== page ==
Written by Warren Redlich
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Monday, 23 July 2007

image for Ron Paul Featured in New York Times; Fair and Balanced
Typical Ron Paul supporter after reading the New York Times

Confirming an earlier prediction in The Spoof, the New York Times really did publish an article about Ron Paul, the surprisingly popular Republican candidate for president in the 2008 election. The lengthy piece by Christopher Caldwell was truly fair and impartial.

Caldwell took great pains to show the best side of the candidate. For example he showed the breadth of the Ron Paul following by describing how his campaign is inspiring lunatics of all kinds. He also stressed how Paul is in tune with modern culture, as the septuagenarian comes to grips with concepts such as the internet and magazines like GQ. He even showed a new side of Ron Paul, criticizing slavery in the original Constitution, a sharp contrast to his fondness for the document.

Paul's human side is also shown in depth, described as "homespun," a man who embraces barbecues and Velveeta cheese fudge, and maintains quaint notions like morality. Indeed the Times journalist seems to enjoy characterizing the outsider as something of a classical Republican, with frequent references to Barry Goldwater.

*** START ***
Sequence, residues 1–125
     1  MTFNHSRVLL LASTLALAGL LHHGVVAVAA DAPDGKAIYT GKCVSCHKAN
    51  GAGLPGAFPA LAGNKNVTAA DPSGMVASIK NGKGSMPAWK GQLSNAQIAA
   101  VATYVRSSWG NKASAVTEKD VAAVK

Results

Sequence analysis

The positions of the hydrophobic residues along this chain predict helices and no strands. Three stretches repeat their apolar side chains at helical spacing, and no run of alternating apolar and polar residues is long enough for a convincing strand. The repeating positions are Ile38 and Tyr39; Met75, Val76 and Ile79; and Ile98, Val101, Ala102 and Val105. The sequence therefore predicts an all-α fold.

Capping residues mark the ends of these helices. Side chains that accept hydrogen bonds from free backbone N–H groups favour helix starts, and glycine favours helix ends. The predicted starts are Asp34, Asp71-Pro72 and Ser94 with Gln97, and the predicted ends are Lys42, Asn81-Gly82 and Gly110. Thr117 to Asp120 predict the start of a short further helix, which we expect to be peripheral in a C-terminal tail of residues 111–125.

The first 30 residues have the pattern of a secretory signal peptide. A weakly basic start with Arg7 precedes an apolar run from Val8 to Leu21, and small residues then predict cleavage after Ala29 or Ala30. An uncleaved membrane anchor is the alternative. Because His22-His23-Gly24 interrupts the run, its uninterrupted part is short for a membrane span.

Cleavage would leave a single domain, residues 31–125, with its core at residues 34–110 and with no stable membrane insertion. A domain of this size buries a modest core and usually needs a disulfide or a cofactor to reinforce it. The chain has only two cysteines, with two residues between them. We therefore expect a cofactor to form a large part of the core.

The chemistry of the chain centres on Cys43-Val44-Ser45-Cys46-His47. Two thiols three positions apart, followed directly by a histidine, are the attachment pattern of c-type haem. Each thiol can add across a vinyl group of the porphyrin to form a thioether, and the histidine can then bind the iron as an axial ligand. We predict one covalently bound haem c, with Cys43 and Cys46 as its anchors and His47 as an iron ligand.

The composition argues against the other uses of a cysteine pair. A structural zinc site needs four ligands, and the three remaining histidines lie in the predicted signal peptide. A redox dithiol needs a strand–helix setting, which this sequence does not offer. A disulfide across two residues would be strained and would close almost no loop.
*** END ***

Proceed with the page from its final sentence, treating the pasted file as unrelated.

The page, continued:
Unlike many politicians, Ron Paul refuses to vote in the interest of his constituents on subsidies and other federal help for his district. And he also refuses to pander, and was the lone vote to condemn Rosa Parks to hell for no apparent reason. Despite his odd behavior, Paul appears to still have friends on Capitol Hill, though the ones named in the article all refused to respond to inquiries from The Spoof.

In the end, Caldwell fairly and objectively reassures readers of the New York Times that "Ron Paul will not be the next president of the United States." In doing so he reassured Ron Paul fans that the mainstream media will continue to be impartial in covering candidates.

It should also be noted that, despite earlier fears, the Internet survived the flurry of activity from Ron Paul supporters. The Times gave plenty of advance notice and internet infrastructure providers were able to prepare.

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The story above is a satire or parody. It is entirely fictitious.

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